Learning Curve

MAKSAM, a network of five neighborhood centers founded by Ethiopian volunteers in Hadera, helps Ethiopian-Israel children integrate into mainstream Israeli society.

learn ethip 88 298 (photo credit: )
learn ethip 88 298
(photo credit: )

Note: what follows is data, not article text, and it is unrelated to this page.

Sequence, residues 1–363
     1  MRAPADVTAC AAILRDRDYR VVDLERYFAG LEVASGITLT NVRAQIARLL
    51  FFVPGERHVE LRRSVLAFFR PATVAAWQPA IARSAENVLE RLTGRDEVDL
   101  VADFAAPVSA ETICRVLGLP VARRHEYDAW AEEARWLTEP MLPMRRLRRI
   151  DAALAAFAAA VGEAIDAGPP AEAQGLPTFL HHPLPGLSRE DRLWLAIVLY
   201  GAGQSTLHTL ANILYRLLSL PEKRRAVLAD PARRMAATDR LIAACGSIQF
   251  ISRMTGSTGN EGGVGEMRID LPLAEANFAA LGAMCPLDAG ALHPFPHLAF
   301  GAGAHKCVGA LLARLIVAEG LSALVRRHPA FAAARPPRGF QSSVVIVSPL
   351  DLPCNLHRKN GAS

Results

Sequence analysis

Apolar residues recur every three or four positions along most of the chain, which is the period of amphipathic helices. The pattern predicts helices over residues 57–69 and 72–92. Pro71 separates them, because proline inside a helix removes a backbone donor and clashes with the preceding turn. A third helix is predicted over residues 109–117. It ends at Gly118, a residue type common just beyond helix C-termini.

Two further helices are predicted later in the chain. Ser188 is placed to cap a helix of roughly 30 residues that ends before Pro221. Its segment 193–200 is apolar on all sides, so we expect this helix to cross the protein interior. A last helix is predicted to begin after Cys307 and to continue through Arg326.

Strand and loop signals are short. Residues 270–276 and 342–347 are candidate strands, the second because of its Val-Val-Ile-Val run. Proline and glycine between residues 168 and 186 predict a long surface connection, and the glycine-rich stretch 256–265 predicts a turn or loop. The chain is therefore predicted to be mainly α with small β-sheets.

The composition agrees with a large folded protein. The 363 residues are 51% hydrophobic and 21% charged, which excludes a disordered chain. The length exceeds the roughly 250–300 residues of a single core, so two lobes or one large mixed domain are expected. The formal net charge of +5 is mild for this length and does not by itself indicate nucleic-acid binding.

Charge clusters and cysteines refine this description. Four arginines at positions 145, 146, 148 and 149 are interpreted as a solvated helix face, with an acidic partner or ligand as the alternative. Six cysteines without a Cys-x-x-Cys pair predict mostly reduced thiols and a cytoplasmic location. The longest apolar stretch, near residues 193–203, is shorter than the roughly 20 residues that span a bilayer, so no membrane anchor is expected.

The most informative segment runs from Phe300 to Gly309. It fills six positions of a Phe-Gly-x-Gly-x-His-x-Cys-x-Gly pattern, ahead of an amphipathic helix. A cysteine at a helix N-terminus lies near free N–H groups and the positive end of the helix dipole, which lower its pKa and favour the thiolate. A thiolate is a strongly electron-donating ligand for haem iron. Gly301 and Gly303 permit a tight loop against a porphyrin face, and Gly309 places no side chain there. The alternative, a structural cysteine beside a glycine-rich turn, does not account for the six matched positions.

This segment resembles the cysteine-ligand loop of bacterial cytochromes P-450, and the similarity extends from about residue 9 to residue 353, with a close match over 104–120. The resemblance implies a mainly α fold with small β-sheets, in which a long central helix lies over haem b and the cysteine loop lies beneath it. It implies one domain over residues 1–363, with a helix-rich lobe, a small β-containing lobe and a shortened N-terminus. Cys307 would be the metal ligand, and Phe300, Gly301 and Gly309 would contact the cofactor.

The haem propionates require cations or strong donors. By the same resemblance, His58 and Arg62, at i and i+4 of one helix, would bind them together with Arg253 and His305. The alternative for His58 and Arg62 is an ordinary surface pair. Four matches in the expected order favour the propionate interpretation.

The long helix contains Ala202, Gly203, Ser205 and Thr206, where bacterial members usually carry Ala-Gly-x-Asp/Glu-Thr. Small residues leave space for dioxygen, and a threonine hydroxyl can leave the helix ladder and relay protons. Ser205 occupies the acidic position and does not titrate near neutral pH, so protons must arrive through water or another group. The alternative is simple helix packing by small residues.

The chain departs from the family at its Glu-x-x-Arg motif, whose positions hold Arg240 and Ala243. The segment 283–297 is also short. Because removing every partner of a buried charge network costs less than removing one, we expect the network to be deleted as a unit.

Ten years ago, David Zegeye, Rafi Bero and a few others among the thousands of Ethiopian immigrants who settled in Hadera took a few Ethiopian-Israeli children under their wing of an afternoon. Hunched up in the entrance of one of the drab apartment blocks in Hadera's Pe'er neighborhood, Zegeye, Bero and friends began assisting the kids with their homework, dispensing advice and trying to keep them out of trouble. The number of children seeking their support, guidance and friendship rapidly grew, forcing them to seek a venue for their in-demand activities. The 'sittings' on the doorstep gradually moved to a grassy area under some neighborhood trees, but when the numbers grew and shade ran out, a safe place for the kids for a few afternoon hours became top priority for the small band of informal educators. A derelict air-raid shelter frequented by drug addicts under an eight storey block of apartments housing mostly elderly immigrants from Ethiopia and the former Soviet Union would hardly seem to fit the bill, but Bero and his visionary friends saw the possibilities. They formed MAKSAM, a non-profit organization. Maksam, an Amharic term meaning pollination as a bee passes from flower to flower collecting nectar to produce honey, has since become the buzz-word for huge efforts being made to facilitate sweet success for Ethiopian-Israeli kids. Operated by the Gidon Association of Ethiopian Jews, a non-profit organization committed to improving the future outlook for Hadera's young Ethiopian-Israelis, MAKSAM (www.maksam.org) is unique in that it is supervised by an all-volunteer Ethiopian management committee. The Ethiopian-Israeli community numbers some 100,000 people, with over 60 percent under the age of 18. Over 75% of Ethiopian immigrants came from environments of subsistence farming, with little or no formal education, and traditional community and family support systems have collapsed since arriving in Israel. According to the Israel Association for Ethiopian Jews, only 28% of Ethiopian students pass matriculation exams - less than half the national average, while 6.2%, double the national average - drop out of school between the ages of 14-17. Nowadays, over a hundred Ethiopian children spend their late afternoon and early evening hours in the class and club rooms in the maze of shelters under the same block of flats. A decade ago, their elder brothers and sisters would have been hanging around with little positive to do. MAKSAM now runs another four neighborhood centers in Hadera, providing the opportunity of academic reinforcement, youth programs that strengthen social skills and self-esteem, and educational programs that improve the coping skills of their local community. Over 400 Ethiopian-Israeli schoolchildren attend on a daily basis, and a number of parents participate in empowerment projects. The MAKSAM team is also mentoring a small center that recently opened in nearby Pardess Hanna, where many Ethiopian families have settled. During the recent Sigd, the annual Ethiopian Jewish festival where special prayers are said to renew the covenant between God and the people of Israel and their longing to reach Jerusalem, Metro paid a visit to two of the afternoon centers in Hadera's Yosephtal and Pe'er neighborhoods. The entrance to the municipal-owned Yosephtal building is decorated with brightly colored works of art. Even before seeing the children who created a rainbow in a narrow unattractive stairwell, one begins to realize that this is a special place. In several rooms on the second floor, dozens of children from first to sixth grade are either absorbed in their homework - with big brother/sister students from Ruppin College and other volunteer teachers on hand - or preparing artwork depicting the significance of Sigd, their very own special holiday. An Ethiopian-Israeli student assistant plays a handcrafted string instrument used by the community in their former homes in rural villages throughout Ethiopia. Danny, the student, strums away to a group of wide-eyed, if rather shy, smiling children seated around a table industriously cutting, pasting and arranging collages on cards. They slowly build symbols and scenes depicting Sigd and the central place that Jerusalem holds in the holiday prayers and celebrations. In another room, other children are busily working on a joint creation under the watchful eye of paid art teacher Olga, herself a new immigrant with only six years in Israel under her artistic belt. The talented former volunteer is still struggling with the Hebrew language, but there's no need for words to see how her young charges feel about their achievements, including the eye-catching artworks in the downstairs entrance. The Yosephtal center also boasts a computer room with ten computers, a gift from the Partner telecommunications company. The youngsters, sitting on bright orange plastic chairs (also contributed by the company), concentrate on the screens in front of them as two students flit from child to child dispensing advice or a friendly pat on the shoulder. One of the larger rooms doubles as a dining-room where each child receives a hot meal before returning home. For some of the children this might be their only nourishing meal of a day, such is their families' economic plight. Volunteer bible and literature teacher Yaron Baumgarten is in the classroom with a few pencil-biting third grade pupils. He shows amazing patience as they struggle to comprehend a page of text, and then slowly begin to smile when another penny of knowledge drops. Bero and the other volunteers lovingly created the Pe'er neighborhood center from the garbage-filled reeking labyrinth of reinforced rooms in the apartment building basement, which doubles as a bomb-shelter in times of war. "When we initially decided to look what was behind all the rubbish piled up outside, we discovered all these rooms - but they were filthy, full of stuff you wouldn't want to know about - including discarded syringes," explained Bero, a Hadera municipality employee who works with disabled youth and adults in a sheltered workshop. He was standing in the main room of the labyrinth of various sized rooms that MAKSAM volunteers managed - against all odds - to transform into a warm and welcoming center providing tools for the children to build a better future for themselves and their communities. Former headmistress Dalia Klipper is the Educational Director of the entire MAKSAM network. She is working with both professional and volunteer staff in dealing with the scores of children and youth who use the center, as well as running projects for adults. More than a hundred children are crowded around their teachers and student activity leaders in the maze of rooms leading off the main area. Despite the large number of youngsters at work or play in the different sections of the large basement complex, there is little noise. "The children are eager to come here. There is a tremendous sense of pride felt by the staff in the achievements of the children and obviously the children themselves and their extended families," explained Klipper, an energetic educator who doesn't seem to sit or stop advising, cajoling or just plain helping out. Ethnically-themed colorful paintings decorate the corridor walls, the work of groups of children. One work still in progress is the fruit of the labor of a group of MAKSAM graduates - some already after army service - who pop in occasionally to help out and give back a little of the tender loving care they themselves received just a few short years ago. A dozen or so nine-to-11 year olds are industriously working in front of computer screens, the computers in this particular center a contribution from Rotary. "The children do not have computers at home and without the possibility to use those here they would fall behind other children at school and feel even more disadvantaged," explained Klipper as she directed a grandfather - dressed in a suit with traditional white cloak wrapped around his slim body - to where he could find his grandchild. Klipper spends six to eight hours a day at the Pe'er center. No daylight enters the rooms - the sealed 'windows' are actually thick steel escape hatches with small ladders painted in fluorescent orange, opened only in times of war. Doesn't she ever get depressed spending so much time underground? "I might go underground when I come in but I leave every day feeling that I have almost touched the sky," Klipper quickly answered with a broad smile. It would seem that even the sky holds no limits for MAKSAM's founders, staff and volunteers, so collectively determined to propel the Ethiopian-Israeli community toward a faster track to successful absorption into Israeli society.